Respondent determined that petitioners were not entitled to the entire claimed depreciation on the computer equipment, but rather could claim only three-twelfths of the depreciation pursuant to the short taxable year provisions of section 168. Respondent now concedes that the property was placed in service in September 1985 and, accordingly, 4 months' depreciation is allowed.
Section 168 established the ACRS system of depreciating certain tangible personal property, i.e., "recovery property." The deduction allowable under section 168 is deemed to constitute the reasonable allowance for depreciation in a taxable year. Generally, the ACRS deduction for recovery property for any taxable year equals the aggregate amount determined by multiplying the unadjusted basis of the property by the applicable annual percentage rate. Under the ACRS system, personal * property placed in service late in a taxable year may be eligible for the same amount of depreciation that would be allowed if the property had been placed in service at the beginning of the year. (The foregoing rules were changed by the Tax Reform Act of 1986, Pub. L. 99-514, 100 Stat. 2085, 2121.)
* By official Tax Court Order dated February 15, 1990, and signed by Judge Mary Ann Cohen, the above paragraph was amended to read as indicated.
Short Taxable Year
Respondent contends that petitioner is only entitled to four-twelfths of his claimed depreciation deduction pursuant to the "short taxable year" provision of former section 168(f)(5) as follows:
In the case of a taxable year that is less than 12 months, the amount of the deduction under this section shall be an amount which bears the same relationship to the amount of the deduction, determined without regard to this paragraph, as the number of months in the short taxable year bears to 12. In such case, the amount of the deduction for subsequent taxable years shall be appropriately adjusted in accordance with regulations prescribed by the Secretary. The determination of when a taxable year begins shall be made in accordance with regulations prescribed by the Secretary. * * *
Respondent also relies on section 1.168-2(f)(4), Proposed Income Tax Regs., 49 Fed. Reg. 5940, 5947 (Feb. 16, 1984):
For purposes of this section, a taxable year of a person placing property in service does not include any month prior to the month in which the person begins engaging in a trade or business * * *
As of the time of this opinion, no final regulations have been issued.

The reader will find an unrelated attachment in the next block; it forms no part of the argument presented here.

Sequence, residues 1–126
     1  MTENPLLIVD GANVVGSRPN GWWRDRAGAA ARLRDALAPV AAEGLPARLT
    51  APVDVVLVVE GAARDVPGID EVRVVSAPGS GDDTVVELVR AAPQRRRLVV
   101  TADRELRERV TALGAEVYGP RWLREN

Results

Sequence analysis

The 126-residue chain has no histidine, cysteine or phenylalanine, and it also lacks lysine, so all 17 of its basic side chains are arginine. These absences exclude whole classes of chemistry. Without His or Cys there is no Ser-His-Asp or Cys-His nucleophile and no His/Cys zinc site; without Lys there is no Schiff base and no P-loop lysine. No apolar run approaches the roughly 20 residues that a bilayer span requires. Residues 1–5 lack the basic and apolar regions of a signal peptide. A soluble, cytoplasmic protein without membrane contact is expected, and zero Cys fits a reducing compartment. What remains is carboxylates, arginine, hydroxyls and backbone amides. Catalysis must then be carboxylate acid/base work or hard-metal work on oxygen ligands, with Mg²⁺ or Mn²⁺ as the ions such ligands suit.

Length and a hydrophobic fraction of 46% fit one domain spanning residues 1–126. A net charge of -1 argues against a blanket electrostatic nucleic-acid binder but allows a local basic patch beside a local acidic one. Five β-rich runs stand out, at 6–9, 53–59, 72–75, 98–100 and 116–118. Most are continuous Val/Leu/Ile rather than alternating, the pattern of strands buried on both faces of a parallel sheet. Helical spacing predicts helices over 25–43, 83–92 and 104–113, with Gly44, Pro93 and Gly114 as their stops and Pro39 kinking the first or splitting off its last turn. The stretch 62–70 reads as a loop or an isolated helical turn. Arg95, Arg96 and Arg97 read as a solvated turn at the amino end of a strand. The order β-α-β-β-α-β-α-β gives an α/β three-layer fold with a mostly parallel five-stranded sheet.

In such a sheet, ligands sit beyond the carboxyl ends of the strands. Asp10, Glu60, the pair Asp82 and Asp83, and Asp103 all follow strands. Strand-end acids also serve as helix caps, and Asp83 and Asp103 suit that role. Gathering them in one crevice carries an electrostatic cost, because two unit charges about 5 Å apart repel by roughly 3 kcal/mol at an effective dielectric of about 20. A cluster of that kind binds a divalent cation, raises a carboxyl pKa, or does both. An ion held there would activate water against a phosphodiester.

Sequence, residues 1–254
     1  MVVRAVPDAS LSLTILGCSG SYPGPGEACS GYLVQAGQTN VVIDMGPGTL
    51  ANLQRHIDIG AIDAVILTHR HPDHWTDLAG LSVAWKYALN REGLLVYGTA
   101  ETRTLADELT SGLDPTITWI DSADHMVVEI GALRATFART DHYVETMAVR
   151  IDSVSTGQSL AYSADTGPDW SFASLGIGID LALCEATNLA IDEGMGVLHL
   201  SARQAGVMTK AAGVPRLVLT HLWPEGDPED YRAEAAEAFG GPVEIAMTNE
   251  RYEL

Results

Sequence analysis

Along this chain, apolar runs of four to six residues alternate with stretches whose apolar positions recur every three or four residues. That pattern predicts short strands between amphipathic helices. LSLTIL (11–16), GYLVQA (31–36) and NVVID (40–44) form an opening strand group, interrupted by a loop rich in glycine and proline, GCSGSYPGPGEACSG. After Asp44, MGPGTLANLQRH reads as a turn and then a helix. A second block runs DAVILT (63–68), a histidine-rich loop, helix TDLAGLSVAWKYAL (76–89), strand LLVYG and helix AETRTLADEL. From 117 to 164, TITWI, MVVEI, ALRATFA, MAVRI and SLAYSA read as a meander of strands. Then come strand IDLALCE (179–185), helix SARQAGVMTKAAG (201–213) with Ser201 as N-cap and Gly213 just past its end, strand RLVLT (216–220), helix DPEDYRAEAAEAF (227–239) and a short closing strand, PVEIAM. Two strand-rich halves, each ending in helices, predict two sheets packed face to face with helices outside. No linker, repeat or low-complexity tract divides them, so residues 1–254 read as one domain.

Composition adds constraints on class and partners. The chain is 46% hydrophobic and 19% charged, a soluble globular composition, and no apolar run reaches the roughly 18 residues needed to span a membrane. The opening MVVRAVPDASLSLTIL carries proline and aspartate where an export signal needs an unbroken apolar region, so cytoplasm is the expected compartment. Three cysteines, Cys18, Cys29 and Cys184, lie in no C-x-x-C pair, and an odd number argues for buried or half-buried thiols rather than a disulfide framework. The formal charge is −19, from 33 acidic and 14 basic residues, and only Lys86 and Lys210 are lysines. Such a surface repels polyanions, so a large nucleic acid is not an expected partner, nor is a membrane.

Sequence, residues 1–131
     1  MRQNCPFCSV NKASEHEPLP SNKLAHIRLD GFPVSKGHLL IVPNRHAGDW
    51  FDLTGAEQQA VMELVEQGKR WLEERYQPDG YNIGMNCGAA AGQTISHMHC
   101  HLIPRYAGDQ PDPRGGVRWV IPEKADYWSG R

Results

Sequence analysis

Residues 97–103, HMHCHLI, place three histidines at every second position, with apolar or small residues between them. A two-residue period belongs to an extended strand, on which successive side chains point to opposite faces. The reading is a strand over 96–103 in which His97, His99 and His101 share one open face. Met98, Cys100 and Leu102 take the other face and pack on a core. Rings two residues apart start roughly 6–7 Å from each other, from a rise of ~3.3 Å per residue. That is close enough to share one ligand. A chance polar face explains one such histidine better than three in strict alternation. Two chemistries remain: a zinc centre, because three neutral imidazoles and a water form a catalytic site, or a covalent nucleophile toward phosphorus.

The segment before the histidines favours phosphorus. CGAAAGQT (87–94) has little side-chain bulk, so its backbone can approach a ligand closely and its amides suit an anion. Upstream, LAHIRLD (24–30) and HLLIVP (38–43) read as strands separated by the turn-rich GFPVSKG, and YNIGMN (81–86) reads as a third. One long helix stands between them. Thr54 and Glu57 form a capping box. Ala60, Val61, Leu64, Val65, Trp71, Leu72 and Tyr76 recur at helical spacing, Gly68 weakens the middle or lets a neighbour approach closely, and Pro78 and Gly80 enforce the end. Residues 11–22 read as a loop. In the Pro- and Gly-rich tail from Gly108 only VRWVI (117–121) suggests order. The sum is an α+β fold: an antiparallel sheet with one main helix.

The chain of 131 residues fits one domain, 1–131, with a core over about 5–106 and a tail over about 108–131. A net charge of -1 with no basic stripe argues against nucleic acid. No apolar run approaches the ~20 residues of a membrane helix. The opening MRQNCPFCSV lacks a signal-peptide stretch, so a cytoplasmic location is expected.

Petitioner asserts that he was engaged in a trade or business in 1985 and, accordingly, is entitled to the full year's depreciation deduction on the computer equipment.
Prior to and during trial, respondent argued that, to avoid the short taxable year provisions of section 168(f)(5), a taxpayer must be engaged in the particular trade or business in which the depreciable equipment was used. Respondent cited Larsen v. Commissioner [Dec. 44,401], 89 T.C. 1229, 1278 (1987), on appeal (9th Cir., Dec. 12, 1988), and Greene v. Commissioner [Dec. 44,931(M)], T.C. Memo. 1988-331. At the conclusion of the trial, we tentatively agreed with respondent as a matter of law and directed seriatim briefs, with petitioners filing the opening brief.
Petitioner's brief attached a copy of Tech. Adv. Mem. 8935002 (May 12, 1989), discussed below. Respondent's brief then conceded that the prior trade or business engaged in by petitioner need not be related to the one in which the equipment is used in order for petitioner to avoid section 168(f)(5). His brief did not even mention Larsen or Greene. The only question before us in this case, therefore, is whether any of petitioner's activities prior to and during 1985 constitute a trade or business for purposes of section 168.
Respondent does not dispute that for some purposes a taxpayer may be engaged in a trade or business solely due to his activity as a director or officer of a corporation. Respondent asserts, however, that in the case of a claimed depreciation deduction, as in the present case, an employee is not considered engaged in a trade or business by virtue of his employment. Respondent relies on section 1.168-2(f)(4), Proposed Income Tax Regs., 49 Fed. Reg. 5940, 5948 (1984), which states: "For purposes of applying the preceding sentence [the short taxable year provision] to an employee, an employee is not considered engaged in a trade or business by virtue of his employment"; and Example (4) of section 1.168-2(f)(6), Proposed Income Tax Regs., 49 Fed. Reg. 5940, 5948 (1984), illustrates the application of the regulation as follows: